Health Policy

The Influence of Primary Care and Hospital Supply on Ambulatory Care–Sensitive Hospitalizations Among Adults in Brazil, 1999–2007

The Influence of Primary Care and Hospital Supply on Ambulatory Care–Sensitive Hospitalizations Among Adults in Brazil, 1999–2007
American Journal of Public Health: October 2011, Vol. 101, No. 10, pp. 1963-1970. 10.2105/AJPH.2010.198887

Macinko, J., V.B. de Oliveira, M.A. Turci, F.C. Guanais, P.F. Bonolo, and M.F. Lima Costa
10/01/2011

Objectives. We assessed the influence of changes in primary care and hospital supply on rates of ambulatory care–sensitive (ACS) hospitalizations among adults in Brazil.

Methods. We aggregated data on nearly 60 million public sector hospitalizations between 1999 and 2007 to Brazil's 558 microregions. We modeled adult ACS hospitalization rates as a function of area-level socioeconomic factors, health services supply, Family Health Program (FHP) availability, and health needs by using dynamic panel estimation techniques to control for endogenous explanatory variables.

Results. The ACS hospitalization rates declined by more than 5% annually. When we controlled for other factors, FHP availability was associated with lower ACS hospitalization rates, whereas private or nonprofit hospital beds were associated with higher rates. Areas with highest predicted ACS hospitalization rates were those with the highest private or nonprofit hospital bed supply and with low (< 25%) FHP coverage. The lowest predicted rates were seen for areas with high (> 75%) FHP coverage and very few private or nonprofit hospital beds.

Conclusions. These results highlight the contribution of the FHP to improved health system performance and reflect the complexity of the health reform processes under way in Brazil.

Advancing Research Data Infrastructure for Patient-Centered Outcomes Research

Advancing Research Data Infrastructure for Patient-Centered Outcomes Research
JAMA: The Journal of the American Medical Association, 2011. Volume 306 / Issue 11 / September 2011, pp 1254-1255, Published online

Amol Navathe, Carolyn Clancy and Sherry Glied
09/21/2011

Patient-centered outcomes research, which aims to assist clinicians and patients in making informed decisions regarding prevention, diagnosis, and treatment, is essential for improving the delivery of quality health care. Much of patient-centered outcomes research relies on observational and quasi-experimental methods applied to data generated as a byproduct of providing care. While existing data sources have improved, there remain important data-related barriers to rapid, efficient research. Recent changes in the policy environment, coupled with significant technological progress, provide an opportunity to surmount some of these obstacles.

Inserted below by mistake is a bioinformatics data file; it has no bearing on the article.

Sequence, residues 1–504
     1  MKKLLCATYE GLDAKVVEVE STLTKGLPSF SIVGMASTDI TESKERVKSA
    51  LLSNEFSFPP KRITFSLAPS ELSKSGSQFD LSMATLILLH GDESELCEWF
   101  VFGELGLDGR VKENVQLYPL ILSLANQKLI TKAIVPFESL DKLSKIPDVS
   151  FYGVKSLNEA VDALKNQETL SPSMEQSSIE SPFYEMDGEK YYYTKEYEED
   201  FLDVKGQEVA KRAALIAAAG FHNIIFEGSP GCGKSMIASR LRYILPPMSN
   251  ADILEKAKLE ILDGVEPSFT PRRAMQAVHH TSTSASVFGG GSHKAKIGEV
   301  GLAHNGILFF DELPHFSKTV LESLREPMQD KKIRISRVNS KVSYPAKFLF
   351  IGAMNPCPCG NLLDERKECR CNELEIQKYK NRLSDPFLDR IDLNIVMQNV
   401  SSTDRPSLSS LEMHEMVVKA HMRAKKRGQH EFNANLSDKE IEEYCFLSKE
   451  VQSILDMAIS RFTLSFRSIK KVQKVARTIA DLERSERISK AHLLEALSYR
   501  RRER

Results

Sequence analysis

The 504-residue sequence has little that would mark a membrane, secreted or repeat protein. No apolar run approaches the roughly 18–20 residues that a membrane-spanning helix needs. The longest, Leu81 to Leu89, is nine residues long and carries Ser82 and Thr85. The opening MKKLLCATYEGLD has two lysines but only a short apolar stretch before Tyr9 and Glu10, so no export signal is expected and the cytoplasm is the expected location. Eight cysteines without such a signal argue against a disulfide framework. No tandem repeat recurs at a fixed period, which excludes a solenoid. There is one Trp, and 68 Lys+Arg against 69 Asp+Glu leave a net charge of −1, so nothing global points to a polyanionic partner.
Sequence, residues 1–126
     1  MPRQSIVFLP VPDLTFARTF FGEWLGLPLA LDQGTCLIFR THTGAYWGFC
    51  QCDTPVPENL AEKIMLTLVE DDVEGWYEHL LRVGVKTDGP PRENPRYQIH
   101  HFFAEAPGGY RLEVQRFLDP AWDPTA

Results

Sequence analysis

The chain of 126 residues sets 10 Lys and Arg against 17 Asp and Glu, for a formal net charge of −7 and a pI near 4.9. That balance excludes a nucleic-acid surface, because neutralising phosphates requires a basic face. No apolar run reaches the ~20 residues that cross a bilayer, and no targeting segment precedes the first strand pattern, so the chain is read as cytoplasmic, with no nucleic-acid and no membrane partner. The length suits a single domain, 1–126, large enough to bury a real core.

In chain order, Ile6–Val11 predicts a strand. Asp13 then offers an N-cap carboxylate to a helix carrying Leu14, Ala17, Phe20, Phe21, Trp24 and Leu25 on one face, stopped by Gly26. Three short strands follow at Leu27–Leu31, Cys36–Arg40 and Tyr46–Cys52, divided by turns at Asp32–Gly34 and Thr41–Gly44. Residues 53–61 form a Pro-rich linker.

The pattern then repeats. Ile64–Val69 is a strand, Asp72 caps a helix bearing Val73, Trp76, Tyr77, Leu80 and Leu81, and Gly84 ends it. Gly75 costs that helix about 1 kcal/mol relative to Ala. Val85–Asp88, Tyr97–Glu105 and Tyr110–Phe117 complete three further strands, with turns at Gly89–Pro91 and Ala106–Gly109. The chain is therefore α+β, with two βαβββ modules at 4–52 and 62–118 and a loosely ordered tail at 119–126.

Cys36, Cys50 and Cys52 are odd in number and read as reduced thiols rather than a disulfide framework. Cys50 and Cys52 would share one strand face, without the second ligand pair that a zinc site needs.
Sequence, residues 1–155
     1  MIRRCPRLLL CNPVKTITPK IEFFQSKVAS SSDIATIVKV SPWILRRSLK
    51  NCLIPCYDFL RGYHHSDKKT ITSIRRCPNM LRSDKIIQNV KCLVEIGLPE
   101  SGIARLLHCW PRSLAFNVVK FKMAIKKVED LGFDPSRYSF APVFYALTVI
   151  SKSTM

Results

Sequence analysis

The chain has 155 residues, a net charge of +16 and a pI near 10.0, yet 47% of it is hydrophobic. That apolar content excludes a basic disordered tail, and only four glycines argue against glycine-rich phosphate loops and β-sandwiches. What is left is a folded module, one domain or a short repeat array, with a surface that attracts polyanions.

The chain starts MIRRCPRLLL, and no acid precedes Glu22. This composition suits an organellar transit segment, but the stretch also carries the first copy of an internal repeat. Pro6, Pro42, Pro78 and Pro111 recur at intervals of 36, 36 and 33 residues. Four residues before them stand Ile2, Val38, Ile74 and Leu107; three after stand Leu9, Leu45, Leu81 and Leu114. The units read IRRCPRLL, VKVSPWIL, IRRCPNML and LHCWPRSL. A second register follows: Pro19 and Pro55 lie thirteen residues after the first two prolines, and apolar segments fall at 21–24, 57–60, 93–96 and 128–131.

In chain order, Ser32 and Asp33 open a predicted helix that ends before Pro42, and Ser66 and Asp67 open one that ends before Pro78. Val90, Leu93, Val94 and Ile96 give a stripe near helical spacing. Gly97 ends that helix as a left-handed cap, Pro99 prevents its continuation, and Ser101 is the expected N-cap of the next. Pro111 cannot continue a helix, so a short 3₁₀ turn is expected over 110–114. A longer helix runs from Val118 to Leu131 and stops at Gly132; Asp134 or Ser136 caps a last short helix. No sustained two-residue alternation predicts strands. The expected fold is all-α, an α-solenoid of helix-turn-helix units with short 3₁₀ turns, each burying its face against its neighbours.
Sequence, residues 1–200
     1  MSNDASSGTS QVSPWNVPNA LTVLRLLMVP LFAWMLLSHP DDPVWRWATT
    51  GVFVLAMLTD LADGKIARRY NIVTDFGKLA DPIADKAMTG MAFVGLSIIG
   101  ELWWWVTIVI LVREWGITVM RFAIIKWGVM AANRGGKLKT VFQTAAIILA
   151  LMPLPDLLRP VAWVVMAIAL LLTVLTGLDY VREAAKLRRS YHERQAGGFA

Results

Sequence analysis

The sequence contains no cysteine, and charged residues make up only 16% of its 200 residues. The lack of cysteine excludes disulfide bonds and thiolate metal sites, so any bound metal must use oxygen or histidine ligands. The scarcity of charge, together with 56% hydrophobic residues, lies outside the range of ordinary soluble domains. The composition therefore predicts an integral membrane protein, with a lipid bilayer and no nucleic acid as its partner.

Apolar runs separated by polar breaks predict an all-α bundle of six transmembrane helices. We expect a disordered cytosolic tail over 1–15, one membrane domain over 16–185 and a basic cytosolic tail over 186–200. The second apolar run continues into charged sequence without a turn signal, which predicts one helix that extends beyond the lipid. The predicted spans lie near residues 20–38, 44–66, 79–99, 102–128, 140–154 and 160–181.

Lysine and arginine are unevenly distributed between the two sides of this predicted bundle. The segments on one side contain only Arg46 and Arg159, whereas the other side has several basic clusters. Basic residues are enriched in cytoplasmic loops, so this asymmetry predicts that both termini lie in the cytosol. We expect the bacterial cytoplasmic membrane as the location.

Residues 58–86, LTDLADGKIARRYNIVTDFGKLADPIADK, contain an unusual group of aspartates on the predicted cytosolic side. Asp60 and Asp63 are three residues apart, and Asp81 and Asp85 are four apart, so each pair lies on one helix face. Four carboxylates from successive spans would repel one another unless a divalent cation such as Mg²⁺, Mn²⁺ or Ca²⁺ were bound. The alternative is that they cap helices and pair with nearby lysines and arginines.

Higher Fees Paid to US Physicians Drive Higher Spending for Physician Services Compared to Other Countries

Higher Fees Paid to US Physicians Drive Higher Spending for Physician Services Compared to Other Countries
Health Affairs, 2011. Volume 30 / Issue 09 / September 2011, pp 1647-1656, Published online

Sherry Glied and Miriam Laugesen
09/08/2011

Higher health care prices in the United States are a key reason that the nation’s health spending is so much higher than that of other countries. Our study compared physicians’ fees paid by public and private payers for primary care office visits and hip replacements in Australia, Canada, France, Germany, the United Kingdom, and the United States. We also compared physicians’ incomes net of practice expenses, differences in financing the cost of medical education, and the relative contribution of payments per physician and of physician supply in the countries’ national spending on physician services. Public and private payers paid somewhat higher fees to US primary care physicians for office visits (27 percent more for public, 70 percent more for private) and much higher fees to orthopedic physicians for hip replacements (70 percent more for public, 120 percent more for private) than public and private payers paid these physicians’ counterparts in other countries. US primary care and orthopedic physicians also earned higher incomes ($186,582 and $442,450, respectively) than their foreign counterparts. We conclude that the higher fees, rather than factors such as higher practice costs, volume of services, or tuition expenses, were the main drivers of higher US spending, particularly in orthopedics.

Geographic Variations in Health Care Workforce Training in the US: The Case of Registered Nurses (RNs)

Geographic Variations in Health Care Workforce Training in the US: The Case of Registered Nurses (RNs)
Med Care. 2011 Aug;49(8):769-74.

Blustein, Jan.
08/01/2011

Background: In the United States, registered nurses [RNs] are trained through one of three educational pathways: a diploma course; an associate's degree, or a baccalaureate degree in nursing (the BSN). A national consensus has emerged that the proportion of RNs that are baccalaureate-trained should be substantially increased. Yet achieving that goal may be difficult in areas where college graduates are unlikely to reside.


Objectives: To determine whether the level of training of the hospital registered nurse [RN] workforce varies geographically, along with the education of the local general workforce.


Research design: Cross sectional, ecological study.


Subjects: Hospital nurses who participated in the National Sample Survey of Registered Nurses [NSSRN] in 2004 (n = 16,567).


Measures. Registered Nurse training was measured as Diploma, Associates degree, or Baccalaureate degree or above. County-level general workforce quality was assessed as the adult college graduation rate. Counties were divided into US population quartiles, with the highest quartile (Q4) having more than 29.3% college graduates, and the lowest quartile (Q1) having fewer than 16.93% college graduates.


Results: Hospital RNs have a higher level of training in counties where the general population is better